Your child might have your eyes, your hair, your lips—and, unfortunately, your bacteria. Oral bacteria called mutans streptococci are often passed from parent to child through saliva and can lead to cavities. Making sure that everyone in your family practices good dental hygiene—brushing at least twice a day and flossing once a day—reduces the risk of cavities and therefore lowers the chances of passing cavity-causing bacteria to young ones.
Here are other ways to lower your child’s exposure to bacteria in other people’s saliva:
Don’t let your child place his or her fingers in anyone’s mouth. Children will usually put their fingers back into their own mouth, increasing the chance of transmitting the bacteria.
Don’t share utensils with infants.
Don’t share toothbrushes. Everyone in your family should have his or her own toothbrush.
Don’t taste your child’s food or drink before serving it.
Don’t wash off a pacifier with your saliva.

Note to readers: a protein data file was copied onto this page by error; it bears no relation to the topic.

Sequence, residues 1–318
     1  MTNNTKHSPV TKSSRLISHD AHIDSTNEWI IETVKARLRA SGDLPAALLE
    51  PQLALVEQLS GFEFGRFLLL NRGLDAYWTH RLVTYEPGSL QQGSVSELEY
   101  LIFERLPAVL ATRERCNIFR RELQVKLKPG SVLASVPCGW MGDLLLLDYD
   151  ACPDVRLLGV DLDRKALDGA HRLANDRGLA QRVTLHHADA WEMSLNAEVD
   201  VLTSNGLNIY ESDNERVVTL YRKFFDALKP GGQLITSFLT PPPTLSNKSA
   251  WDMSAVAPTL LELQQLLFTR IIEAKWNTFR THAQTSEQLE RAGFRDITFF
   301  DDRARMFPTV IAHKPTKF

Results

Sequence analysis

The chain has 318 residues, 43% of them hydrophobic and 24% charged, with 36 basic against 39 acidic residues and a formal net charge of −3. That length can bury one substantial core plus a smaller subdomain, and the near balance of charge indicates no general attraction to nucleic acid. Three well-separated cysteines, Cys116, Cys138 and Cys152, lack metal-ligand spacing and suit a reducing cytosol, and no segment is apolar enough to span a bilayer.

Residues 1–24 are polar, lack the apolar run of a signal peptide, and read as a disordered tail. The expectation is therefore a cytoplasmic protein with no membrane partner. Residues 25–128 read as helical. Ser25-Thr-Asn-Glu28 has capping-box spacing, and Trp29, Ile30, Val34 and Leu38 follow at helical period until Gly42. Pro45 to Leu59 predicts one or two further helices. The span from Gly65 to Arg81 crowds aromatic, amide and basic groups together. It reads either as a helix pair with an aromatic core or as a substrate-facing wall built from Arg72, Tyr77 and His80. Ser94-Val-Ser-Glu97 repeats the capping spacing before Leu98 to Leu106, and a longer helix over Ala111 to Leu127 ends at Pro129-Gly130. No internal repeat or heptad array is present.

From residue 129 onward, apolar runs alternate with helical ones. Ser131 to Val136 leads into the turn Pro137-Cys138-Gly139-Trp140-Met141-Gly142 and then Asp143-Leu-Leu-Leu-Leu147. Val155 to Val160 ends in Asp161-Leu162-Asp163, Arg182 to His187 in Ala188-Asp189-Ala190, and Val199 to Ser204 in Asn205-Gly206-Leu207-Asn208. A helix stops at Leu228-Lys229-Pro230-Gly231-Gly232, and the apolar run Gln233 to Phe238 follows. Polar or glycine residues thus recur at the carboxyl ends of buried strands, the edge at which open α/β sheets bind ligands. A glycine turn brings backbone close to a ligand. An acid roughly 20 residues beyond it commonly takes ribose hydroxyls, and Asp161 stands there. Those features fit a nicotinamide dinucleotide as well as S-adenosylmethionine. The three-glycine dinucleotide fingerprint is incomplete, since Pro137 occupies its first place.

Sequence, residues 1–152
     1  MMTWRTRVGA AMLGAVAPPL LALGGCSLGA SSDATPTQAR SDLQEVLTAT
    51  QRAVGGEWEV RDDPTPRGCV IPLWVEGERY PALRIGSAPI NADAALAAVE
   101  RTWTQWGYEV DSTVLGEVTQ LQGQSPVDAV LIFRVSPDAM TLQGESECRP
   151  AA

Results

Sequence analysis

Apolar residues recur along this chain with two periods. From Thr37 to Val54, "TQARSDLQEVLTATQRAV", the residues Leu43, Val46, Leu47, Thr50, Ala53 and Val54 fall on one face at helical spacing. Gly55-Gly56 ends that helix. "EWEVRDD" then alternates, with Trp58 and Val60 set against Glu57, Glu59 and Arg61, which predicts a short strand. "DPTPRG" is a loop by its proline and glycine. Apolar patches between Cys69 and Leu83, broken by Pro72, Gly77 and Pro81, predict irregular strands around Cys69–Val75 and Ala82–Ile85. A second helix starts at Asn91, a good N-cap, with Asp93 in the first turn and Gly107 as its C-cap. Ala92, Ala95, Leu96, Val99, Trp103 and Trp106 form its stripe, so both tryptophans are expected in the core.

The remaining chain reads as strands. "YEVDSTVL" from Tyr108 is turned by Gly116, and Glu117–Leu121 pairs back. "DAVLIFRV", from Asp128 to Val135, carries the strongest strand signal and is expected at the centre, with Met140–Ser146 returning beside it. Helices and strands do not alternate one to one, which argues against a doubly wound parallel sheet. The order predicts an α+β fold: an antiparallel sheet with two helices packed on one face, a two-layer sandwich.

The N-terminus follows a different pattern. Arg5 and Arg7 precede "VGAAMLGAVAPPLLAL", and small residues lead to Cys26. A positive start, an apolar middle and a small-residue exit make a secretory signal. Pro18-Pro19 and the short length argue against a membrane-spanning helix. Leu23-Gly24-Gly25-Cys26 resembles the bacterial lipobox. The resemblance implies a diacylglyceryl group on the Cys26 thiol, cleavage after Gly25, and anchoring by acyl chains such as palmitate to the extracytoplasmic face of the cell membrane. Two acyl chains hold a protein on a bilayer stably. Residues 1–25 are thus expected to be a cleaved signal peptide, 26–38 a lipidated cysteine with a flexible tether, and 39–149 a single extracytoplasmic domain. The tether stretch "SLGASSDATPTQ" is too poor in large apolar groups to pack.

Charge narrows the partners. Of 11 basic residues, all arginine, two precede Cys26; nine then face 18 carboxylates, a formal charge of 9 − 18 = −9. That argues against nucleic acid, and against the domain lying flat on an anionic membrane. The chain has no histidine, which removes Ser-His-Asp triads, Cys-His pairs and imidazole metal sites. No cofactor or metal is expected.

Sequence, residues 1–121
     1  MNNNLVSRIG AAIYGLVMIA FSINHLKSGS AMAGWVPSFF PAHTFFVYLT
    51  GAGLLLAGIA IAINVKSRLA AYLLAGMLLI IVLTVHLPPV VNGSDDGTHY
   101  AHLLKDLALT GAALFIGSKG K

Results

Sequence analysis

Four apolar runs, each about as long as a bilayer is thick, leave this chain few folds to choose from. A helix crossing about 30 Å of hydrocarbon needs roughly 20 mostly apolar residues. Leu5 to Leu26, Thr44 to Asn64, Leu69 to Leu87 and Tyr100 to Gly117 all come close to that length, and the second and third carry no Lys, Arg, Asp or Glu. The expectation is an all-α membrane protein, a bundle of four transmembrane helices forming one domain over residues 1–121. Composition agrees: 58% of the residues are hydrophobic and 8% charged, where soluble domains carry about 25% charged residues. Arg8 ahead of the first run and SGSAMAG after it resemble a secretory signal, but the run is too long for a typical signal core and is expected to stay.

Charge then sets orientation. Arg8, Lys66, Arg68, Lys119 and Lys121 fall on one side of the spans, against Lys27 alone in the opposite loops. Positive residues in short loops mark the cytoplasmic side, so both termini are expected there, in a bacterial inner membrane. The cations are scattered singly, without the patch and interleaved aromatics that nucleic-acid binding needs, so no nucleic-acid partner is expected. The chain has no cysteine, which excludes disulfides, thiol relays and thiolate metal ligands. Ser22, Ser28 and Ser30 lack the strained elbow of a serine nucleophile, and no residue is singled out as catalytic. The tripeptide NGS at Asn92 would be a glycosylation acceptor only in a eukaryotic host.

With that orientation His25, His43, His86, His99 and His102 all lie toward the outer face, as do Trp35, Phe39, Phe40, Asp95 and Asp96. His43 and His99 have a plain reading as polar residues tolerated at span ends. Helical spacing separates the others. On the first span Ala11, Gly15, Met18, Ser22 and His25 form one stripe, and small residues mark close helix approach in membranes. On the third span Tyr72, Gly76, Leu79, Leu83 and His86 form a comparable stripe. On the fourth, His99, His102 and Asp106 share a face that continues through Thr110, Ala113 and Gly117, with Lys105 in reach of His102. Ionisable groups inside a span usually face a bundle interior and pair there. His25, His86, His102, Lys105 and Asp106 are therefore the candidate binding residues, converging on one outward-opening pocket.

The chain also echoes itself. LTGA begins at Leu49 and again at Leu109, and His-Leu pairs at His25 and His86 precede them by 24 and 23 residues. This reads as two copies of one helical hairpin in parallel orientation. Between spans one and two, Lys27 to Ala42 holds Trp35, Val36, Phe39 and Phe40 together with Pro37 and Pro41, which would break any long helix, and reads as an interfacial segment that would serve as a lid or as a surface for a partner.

Introduce your child to dental care by making an appointment with a pediatric dentist when your child is around six months old.
Wipe your baby’s gums with a damp cloth after feeding to prevent the buildup of bacteria. Start using a toothbrush once teeth appear, and add fluoride toothpaste when your child reaches preschool-age.
“Dental Hygiene: How to Care for Your Child’s Teeth.” American Academy of Family Physicians. http://familydoctor.org/online/famdocen/home/children/parents/kidshealthy/healthy-choice/227.html. Accessed 2013.
“Preventing Infant Tooth Decay.” American Academy of Pediatrics. Dental Health Services Victoria. http://www.dhsv.org.au/dental-advice-for-babies-tooth-decay/#feeding. Accessed 2013.
"Pregnancy, Oral Health and Your Baby." Colgate Oral and Dental Health Resource Center. March 6, 2013. http://www.colgate.com/app/CP/US/EN/OC/Information/Articles/Oral-and-Dental-Health-at-Any-Age/Adults/Oral-Health-and-Pregnancy/article/Pregnancy-Oral-Health-and-Your-Baby.cvsp#Dental_Caries. Accessed 2013.